Through a shared commitment to quality, exploration, and preparedness, parents and educators alike can encourage students to enroll in high-quality CTE courses with hands-on projects. Offering CTE is a great way to start making a positive impact on the future of our students, the workforce, and the nation.


Advance CTE. (2017 April). The value and promise of career technical education: Results from a national survey of parents and students. Retrieved from

Alliance for Excellent Education. (2018, June 26). Statement from Gov. Bob Wise in support of senate bill to rewrite career and technical education act. Retrieved from

Association for Career and Technical Education. (2018 January). CTE today! Retrieved from

Association for Career and Technical Education. (2018 January). CTE works! Retrieved from

Coopes, M. (2018, June 29). Senate advances education funding bill. CTE Policy Watch. Retrieved from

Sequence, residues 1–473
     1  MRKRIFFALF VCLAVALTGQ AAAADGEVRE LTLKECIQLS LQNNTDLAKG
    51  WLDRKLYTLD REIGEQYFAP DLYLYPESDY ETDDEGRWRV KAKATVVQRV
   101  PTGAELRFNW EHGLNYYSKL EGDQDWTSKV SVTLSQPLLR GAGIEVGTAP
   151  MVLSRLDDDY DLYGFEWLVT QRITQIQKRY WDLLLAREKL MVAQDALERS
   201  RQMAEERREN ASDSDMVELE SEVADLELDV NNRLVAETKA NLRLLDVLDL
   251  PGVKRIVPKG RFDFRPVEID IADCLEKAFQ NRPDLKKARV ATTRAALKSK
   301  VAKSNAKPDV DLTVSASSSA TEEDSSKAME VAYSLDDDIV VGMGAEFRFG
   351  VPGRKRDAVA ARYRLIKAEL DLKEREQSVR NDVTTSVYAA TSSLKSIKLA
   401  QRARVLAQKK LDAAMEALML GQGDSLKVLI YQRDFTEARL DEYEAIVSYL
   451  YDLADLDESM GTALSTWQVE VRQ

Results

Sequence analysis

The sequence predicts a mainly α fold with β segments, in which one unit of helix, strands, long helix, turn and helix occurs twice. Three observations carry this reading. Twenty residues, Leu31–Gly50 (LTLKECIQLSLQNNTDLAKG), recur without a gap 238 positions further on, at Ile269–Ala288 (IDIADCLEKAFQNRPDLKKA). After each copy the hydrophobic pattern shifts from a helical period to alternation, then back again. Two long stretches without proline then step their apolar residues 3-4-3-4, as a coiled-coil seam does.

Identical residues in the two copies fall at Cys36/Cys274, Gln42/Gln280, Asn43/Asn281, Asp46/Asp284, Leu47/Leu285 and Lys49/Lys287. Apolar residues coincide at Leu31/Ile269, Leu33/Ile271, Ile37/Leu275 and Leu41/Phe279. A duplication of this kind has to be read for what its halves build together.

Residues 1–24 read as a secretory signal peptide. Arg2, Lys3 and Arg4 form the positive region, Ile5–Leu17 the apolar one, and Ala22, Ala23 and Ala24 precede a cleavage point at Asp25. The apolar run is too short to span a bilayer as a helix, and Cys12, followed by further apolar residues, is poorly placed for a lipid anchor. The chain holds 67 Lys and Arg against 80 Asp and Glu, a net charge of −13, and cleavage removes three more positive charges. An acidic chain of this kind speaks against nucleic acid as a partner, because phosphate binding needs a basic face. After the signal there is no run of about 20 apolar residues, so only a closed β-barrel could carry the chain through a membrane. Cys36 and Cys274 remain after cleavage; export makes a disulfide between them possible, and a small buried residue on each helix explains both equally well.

Cuevas, E. (2018, June 27). Career and technical education overhaul advances in congress. Jobs for the Future. Retrieved from

Hyslop, A. (2016, April 11). Fordham Institute report highlights value of CTE. CTE Policy Watch. Retrieved from

Olinsky, B., & Steinberg, S. A. (2013, December 2). Training for success: A policy to expand apprenticeships in the United States. Center for American Progress. Retrieved from

Steinberg, S. A. & Schwartz, B. (2014, July 14). The bottom line: Apprenticeships are good for business. Center for American Progress. Retrieved from

The Thomas B. Fordham Institute. (2016, April 7). Career and technical education in high school: Does it improve student outcomes? Retrieved from

About the Author


Ashleigh Lutz

Ashleigh graduated from Arizona State University with a BA in Psychology and a minor in Women and Gender Studies. She spent over three years in higher education developing resources and helping students succeed in online courses. During her tenure at Edgenuity, Ashleigh was eager to support Where Learning Clicks and the team’s commitment to helping teachers and students meet important goals and explore their passions. In addition to writing, a few of Ashleigh’s favorite things include rock climbing, chocolate, and cats.